The best way that I can describe “Twice in a Lifetime” is that it's kind of similar to what might happen if “Touched by an Angel” had a love child with “Quantum Leap”. It's a show about going back in time to right the wrongs of the past...with a twist. In each episode, the star of the show is a person who has already died, are sent to heaven, and are given three days by a judge of the higher order to fix the mistakes that their past selves made and hopefully steer themselves towards a better and brighter future.
Now, here's what's very interesting about this show. Each of the shows had its regular characters that appeared in almost every single episode. The late Al Waxman played Judge Othniel, the judge who handed out the sentences to those poor, unfortunate souls who had a lot of regrets weighing them down.
And helping all of the recently deceased stay on the right path to making all of their future dreams come true were a pair of angels. In season one, the angel was named Smith (Gordie Brown), and in season two, the angel was named Jones (Paul Popowich).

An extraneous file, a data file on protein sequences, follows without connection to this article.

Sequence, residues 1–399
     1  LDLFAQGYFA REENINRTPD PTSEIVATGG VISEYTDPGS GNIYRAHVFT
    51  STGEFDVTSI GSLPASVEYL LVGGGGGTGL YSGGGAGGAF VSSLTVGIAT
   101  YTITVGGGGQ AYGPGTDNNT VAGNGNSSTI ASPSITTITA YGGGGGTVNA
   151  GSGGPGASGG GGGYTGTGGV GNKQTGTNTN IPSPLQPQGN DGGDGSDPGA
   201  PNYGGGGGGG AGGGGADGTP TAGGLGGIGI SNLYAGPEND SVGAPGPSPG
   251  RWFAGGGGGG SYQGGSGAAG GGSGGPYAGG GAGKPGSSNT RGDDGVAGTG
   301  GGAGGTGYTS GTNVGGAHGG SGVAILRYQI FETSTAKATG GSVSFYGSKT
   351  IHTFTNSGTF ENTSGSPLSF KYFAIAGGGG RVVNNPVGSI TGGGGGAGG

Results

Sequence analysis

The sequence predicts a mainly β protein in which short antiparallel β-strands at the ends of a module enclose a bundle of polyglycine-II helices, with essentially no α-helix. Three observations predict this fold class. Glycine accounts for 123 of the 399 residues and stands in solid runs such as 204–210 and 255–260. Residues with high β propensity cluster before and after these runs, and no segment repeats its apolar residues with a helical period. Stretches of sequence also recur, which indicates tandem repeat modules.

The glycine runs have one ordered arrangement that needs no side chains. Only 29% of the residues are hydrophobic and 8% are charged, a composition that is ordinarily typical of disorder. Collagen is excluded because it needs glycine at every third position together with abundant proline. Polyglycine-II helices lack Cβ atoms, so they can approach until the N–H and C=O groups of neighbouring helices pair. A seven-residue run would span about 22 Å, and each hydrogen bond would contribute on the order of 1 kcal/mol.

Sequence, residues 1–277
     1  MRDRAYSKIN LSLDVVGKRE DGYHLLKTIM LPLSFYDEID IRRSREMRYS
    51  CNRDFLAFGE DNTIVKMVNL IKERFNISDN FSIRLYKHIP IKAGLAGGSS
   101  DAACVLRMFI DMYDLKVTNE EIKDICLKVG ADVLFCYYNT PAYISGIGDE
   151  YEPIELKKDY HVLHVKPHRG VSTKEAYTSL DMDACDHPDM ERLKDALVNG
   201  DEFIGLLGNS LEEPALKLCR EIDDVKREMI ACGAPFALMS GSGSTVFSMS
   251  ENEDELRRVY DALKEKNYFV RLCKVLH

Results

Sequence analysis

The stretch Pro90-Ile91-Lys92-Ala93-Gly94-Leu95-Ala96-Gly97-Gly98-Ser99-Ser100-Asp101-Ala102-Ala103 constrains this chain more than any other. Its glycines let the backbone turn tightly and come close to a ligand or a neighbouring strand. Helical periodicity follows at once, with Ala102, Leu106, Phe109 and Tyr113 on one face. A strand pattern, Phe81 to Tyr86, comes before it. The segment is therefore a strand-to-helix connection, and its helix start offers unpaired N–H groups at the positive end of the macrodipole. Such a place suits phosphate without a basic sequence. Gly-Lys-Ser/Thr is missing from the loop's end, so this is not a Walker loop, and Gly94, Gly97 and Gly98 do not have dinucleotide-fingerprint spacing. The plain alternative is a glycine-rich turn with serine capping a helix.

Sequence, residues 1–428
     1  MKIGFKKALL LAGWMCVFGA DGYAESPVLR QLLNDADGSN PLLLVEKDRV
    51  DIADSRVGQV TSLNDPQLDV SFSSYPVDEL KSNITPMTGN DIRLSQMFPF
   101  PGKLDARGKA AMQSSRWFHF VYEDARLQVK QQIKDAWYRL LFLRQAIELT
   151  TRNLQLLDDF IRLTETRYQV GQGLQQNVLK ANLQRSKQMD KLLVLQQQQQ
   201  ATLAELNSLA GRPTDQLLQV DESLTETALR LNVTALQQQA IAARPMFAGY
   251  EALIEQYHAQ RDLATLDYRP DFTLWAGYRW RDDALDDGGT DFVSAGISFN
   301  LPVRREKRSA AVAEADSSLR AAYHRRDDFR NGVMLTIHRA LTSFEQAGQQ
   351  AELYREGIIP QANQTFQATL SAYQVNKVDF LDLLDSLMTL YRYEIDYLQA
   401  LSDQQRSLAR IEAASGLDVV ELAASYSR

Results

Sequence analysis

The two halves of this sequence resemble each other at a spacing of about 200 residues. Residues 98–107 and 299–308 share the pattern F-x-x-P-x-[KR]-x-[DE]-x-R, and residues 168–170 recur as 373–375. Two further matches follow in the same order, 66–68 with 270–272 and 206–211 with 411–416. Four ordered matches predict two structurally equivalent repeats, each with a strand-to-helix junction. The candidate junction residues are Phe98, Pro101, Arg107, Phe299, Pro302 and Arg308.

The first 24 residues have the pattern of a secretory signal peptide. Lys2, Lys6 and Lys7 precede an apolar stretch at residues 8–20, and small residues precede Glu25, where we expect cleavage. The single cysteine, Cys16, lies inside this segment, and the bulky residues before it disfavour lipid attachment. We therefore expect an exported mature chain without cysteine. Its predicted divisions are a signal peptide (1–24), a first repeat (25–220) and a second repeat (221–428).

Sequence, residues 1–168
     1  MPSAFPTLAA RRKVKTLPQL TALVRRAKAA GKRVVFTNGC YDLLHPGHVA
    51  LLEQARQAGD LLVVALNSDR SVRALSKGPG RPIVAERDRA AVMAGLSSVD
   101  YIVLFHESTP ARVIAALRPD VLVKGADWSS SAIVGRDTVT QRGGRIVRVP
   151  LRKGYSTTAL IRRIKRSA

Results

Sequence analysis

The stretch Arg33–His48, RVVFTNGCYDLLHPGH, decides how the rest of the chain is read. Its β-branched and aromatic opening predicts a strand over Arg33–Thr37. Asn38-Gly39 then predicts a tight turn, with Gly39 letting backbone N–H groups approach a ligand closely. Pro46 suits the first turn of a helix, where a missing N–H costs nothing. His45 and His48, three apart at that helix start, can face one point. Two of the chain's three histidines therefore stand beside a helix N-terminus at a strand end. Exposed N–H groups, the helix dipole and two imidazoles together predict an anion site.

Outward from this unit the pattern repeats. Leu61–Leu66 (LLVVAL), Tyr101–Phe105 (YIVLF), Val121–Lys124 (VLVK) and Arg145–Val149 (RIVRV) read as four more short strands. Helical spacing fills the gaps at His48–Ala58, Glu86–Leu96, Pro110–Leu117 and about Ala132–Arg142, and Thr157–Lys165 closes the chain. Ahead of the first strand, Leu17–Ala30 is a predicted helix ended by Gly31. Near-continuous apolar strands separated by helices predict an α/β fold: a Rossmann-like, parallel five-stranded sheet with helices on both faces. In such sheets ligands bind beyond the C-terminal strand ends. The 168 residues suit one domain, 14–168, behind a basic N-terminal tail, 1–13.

In fact, one of the most interesting things about season two was that Jones appeared to be one of the ones who also appeared to be undergoing a trial in understanding his own regrets (his human self was killed off in season two's first episode). And it appeared as though every single person that Jones helped got him one step closer to understanding his own regrets (though I'm not exactly sure if Jones' story was resolved at the end of the series or not, as I did not see the final episode).
And to be honest with you, I thought that the whole show ended on an abrupt note anyway...though to be fair, Al Waxman did die the very same year that show ended, and once Judge Othniel passed away, I suppose that it would be tough to continue the show without him.